Elsewhere, many of our interviewees sense a power shift. They anticipate data driving new business models and undermining existing ways of operating. But crucially, they also expect customers to recognize and enjoy clear benefits as they grant access to their data to trusted partners and businesses. Availability of more granular data will also help insurers to anticipate needs of individual customers and the challenges that our society faces - the demographic evolution is a good example.
Of course, not every prediction made during the course of this research will come true - and you will have your own views about where we are heading. But that’s the point: our aim with Voices On 2030 is to stimulate debate; to shed some light on the future without pretending to have all the answers. I hope you enjoy reading this report and please do share its insights far and wide.
In the meantime, KPMG thanks everyone who agreed to give their time and share their expertise for this project. Every interviewee had fascinating insights to contribute and we’re grateful for their collaboration.
Now it is your turn to think about what comes next, because in essence and in the words of the ancient Greek statesman, philosopher, and military leader, Pericles: “The key is not to predict the future, but to prepare for it”.
We wish you a thought-provoking walk on your path towards 2030!
Voices on 2030: The Future of Insurance
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Voices on 2030
Predictions for 2030
It’s 2030, and the insurance industry is still undergoing continued, major transformations. The industry has expanded beyond traditional sectors, leading to the coexistence of various business models, including scale players, specialized niche players, embedded insurance and trusted/love brands. Regulatory changes and the need for increased investments in systems development have forced insurers to focus, make choices and prepare for the changing business model landscape.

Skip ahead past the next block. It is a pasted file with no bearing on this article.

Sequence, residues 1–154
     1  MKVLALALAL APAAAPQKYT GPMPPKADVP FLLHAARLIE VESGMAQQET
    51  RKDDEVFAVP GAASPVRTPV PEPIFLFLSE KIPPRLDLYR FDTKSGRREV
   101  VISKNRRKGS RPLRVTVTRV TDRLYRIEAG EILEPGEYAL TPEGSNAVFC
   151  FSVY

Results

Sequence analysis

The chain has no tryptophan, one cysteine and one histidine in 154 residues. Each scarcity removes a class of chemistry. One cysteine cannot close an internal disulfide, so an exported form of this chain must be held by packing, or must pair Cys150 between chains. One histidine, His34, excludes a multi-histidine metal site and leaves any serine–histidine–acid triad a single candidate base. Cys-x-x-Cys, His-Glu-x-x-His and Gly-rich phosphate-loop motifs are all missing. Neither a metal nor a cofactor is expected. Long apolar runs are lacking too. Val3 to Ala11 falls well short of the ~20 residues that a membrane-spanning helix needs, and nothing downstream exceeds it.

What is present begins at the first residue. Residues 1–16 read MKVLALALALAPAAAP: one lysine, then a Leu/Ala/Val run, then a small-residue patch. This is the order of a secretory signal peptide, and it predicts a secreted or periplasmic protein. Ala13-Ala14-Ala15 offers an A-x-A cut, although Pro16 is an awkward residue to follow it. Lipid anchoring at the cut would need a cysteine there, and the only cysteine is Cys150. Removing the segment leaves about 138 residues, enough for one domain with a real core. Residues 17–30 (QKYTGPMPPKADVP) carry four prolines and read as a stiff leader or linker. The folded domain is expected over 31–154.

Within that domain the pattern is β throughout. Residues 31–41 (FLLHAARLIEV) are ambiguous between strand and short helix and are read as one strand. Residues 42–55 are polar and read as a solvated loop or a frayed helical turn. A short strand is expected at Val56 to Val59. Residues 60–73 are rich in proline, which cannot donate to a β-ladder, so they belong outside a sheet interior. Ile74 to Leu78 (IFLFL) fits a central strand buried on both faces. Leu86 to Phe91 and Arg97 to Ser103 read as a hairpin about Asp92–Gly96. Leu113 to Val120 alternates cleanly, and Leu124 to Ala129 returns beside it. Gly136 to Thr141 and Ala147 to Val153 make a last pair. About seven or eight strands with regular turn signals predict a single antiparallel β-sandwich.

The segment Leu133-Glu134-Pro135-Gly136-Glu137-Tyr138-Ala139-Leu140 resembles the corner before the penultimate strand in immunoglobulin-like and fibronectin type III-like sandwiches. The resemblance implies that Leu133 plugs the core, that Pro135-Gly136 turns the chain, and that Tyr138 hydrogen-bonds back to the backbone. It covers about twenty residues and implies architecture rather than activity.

Operating models have evolved with an increased presence of service providers that can cover different parts of the value chain and smart choices are made in line with a company’s view on where it has a ‘right to win’.
In response to the evolving needs and expectations of customers, insurance solutions have adapted and become more personalized. The use of intelligent automation (AI) has brought increased transparency in the main insurance processes and has led to improved customer satisfaction when settling claims. Furthermore, data-based segmentation and pricing has resulted in more prevention and smart utilization of insurance.
Insurance brokers are more consolidated and have transformed into specialized risk managers, estate and wealth managers. They increasingly take charge of more parts of the insurance value chain and play a critical role in the industry's evolution, alongside other established channels.
Data and AI are important engines of change in this decade, but their use has given rise to questions about appropriateness which the sector needs to address. Insurers have used all their levers to be catalysts in the transition towards Environmental, Social, and Governance (ESG) goals.
Finally, renewed collaborations between insurers, reinsurers and the government have enabled the sector to address the insurability of new risks, including climate-related risks, leading to a more robust and sustainable insurance sector.
In conclusion, the insurance industry is poised for significant change in the next decade. And while it may not necessarily be seen as a revolution, it will still be a major evolution fueled by changing customer needs and technology; with all the related opportunities and risks. As the industry adapts to these changes, it will continue to play a critical role in providing security and protection to individuals and businesses alike.